Ernest Hemingway famously wrote that Adventures of Huckleberry Finn is "the best book we've had. All American writing comes from that. There was nothing before. There has been nothing as good since." We object to that last part, but it's undeniable that Huck's influence has carried over into countless later works.
Take, for example, Harper Lee's 1960 masterpiece To Kill a Mockingbird. Although the story's setting is a few states and about a century off, the novel can be seen as a 1960's retelling of Twain's classic. Let's compare.
Starting with the obvious stuff, Huckleberry Finn is narrated retrospectively by its young central character, Huck, who furiously resists becoming "civilised." Likewise, To Kill a Mockingbird is narrated by its young central character, Scout, who's up in arms against having to become "ladylike." Both Huck and Scout have that wisdom-of-the-innocent thing going, making them great candidates for a time-traveling spinoff of Kids Say the Darnedest Things.
Huck spends the beginning of the tale evading his father, an abusive alcoholic who serves as the novel's moral red light before winding up shot in the back. Although Scout's own father falls at the opposite end of the moral spectrum, the analogous character is Mayella Ewell's father, an abusive alcoholic who winds up stabbed through the ribs. Neither death is particularly heart-wrenching.
After running away from his father, Huck befriends Jim, an escaped slave on the social fringe. As their relationship progresses, Huck learns to outgrow his social conditioning and see Jim as an equal. Scout's experience is slightly more complicated. Although a wrongfully confined black man features heavily in Scout's moral development, the relationship that more directly parallels Jim and Huck's is with Boo Radley, the local shut-in. Like Jim, Boo is a social outsider who has gone into hiding. By befriending Boo, Scout learns to make her own decisions about people rather than accept reputation at face value.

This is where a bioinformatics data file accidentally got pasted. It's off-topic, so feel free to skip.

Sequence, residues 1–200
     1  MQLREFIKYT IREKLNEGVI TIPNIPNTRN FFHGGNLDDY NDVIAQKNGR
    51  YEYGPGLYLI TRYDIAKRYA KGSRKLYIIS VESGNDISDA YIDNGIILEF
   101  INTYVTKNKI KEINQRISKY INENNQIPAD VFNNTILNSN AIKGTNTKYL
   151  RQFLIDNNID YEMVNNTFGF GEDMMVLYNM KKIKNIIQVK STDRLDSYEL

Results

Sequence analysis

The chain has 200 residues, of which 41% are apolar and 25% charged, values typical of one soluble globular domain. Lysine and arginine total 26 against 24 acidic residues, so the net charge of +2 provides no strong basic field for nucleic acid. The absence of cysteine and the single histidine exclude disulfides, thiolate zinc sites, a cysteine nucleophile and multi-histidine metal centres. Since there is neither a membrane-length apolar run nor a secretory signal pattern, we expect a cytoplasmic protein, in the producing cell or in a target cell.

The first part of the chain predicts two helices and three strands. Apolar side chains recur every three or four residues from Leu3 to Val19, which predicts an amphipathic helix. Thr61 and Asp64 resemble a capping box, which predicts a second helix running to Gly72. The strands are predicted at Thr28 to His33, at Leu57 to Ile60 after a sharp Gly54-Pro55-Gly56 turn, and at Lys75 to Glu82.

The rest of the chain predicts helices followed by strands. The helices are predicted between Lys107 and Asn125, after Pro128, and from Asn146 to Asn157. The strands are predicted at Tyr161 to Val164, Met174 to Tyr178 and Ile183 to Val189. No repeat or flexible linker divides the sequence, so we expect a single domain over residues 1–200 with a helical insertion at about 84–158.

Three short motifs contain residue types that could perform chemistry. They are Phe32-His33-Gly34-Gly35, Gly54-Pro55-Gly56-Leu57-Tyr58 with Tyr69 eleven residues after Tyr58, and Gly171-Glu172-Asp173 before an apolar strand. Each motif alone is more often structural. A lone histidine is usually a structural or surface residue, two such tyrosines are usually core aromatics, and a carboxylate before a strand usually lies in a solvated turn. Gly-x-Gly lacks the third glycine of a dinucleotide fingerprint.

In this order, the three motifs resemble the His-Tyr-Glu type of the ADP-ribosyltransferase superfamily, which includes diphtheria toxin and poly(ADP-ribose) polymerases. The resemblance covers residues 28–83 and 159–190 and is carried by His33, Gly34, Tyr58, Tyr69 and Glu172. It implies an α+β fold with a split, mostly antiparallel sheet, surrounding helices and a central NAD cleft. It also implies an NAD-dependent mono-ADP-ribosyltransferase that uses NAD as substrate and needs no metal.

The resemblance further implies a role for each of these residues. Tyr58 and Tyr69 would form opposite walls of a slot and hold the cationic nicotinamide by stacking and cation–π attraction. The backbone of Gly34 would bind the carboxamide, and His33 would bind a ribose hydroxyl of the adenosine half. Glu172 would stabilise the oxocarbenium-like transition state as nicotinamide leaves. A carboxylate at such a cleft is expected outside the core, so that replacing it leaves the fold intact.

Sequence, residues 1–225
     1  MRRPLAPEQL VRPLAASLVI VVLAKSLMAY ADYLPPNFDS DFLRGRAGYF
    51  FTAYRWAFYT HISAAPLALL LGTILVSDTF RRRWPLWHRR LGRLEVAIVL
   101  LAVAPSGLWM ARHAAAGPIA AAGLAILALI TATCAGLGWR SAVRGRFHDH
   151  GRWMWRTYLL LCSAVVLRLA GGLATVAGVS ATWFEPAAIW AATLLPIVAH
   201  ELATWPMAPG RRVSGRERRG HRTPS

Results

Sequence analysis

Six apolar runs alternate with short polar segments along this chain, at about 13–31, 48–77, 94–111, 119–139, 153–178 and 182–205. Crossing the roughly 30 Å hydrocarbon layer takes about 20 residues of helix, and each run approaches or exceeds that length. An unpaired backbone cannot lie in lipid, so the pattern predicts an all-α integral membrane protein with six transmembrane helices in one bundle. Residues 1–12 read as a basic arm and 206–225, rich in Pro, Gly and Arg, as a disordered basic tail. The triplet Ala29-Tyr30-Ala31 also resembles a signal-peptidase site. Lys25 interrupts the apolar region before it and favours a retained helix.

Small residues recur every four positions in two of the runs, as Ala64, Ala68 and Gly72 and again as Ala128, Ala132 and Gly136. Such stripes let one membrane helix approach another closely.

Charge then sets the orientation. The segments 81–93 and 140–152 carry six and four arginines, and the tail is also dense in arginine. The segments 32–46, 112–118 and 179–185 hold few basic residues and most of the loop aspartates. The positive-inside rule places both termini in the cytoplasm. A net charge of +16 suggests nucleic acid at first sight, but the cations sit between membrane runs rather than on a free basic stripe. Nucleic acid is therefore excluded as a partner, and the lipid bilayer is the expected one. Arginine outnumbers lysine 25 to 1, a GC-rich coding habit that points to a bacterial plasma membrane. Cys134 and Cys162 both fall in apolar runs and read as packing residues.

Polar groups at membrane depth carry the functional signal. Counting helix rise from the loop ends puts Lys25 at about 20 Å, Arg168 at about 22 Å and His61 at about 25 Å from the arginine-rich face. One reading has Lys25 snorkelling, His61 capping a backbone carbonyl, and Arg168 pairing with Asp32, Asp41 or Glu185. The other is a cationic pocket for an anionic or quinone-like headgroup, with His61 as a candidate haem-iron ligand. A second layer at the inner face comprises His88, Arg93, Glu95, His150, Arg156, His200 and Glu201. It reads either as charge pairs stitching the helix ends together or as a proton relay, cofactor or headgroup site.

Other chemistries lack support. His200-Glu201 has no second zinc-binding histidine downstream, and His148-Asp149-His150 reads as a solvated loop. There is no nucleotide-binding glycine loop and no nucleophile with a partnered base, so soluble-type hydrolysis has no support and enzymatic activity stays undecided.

One of the most morally-loaded moments Huck witnesses as he travels down the Mississippi is the attempted lynching of a local sheriff. Unimpressed, the sheriff shames the angry mob out of attacking him by pointing out that no one has the guts to confront him as individuals. After he insists that "a MAN'S safe in the hands of ten thousand of your kind-as long as it's daytime and you're not behind him," the crowd scatters. Similarly, Scout witnesses an angry mob attempt to bully her father in the middle of the night. In response to their threats, an unafraid Atticus responds, "Do you really think so?" All it takes to get the men to leave is the intervention of Scout and her twelve-year-old brother.
Both novels end on the same crucial note. When Huck's personal hero, Tom Sawyer, is shot in the leg, Jim steps forward to save him, thereby forfeiting both his anonymity and his freedom. Likewise, when Jem, Scout's older brother and idol, has his arm broken by Bob Ewell, Boo comes out of hiding to protect him and risks going to jail for murder.
Both Twain and Lee use the naivetÃ© of children to make huge moral arguments about racism, social conditioning, American history, and the essential goodness of man. As for the claim that there's been no good literature since Huck Finn, we think Ernest Hemingway has some homework to do.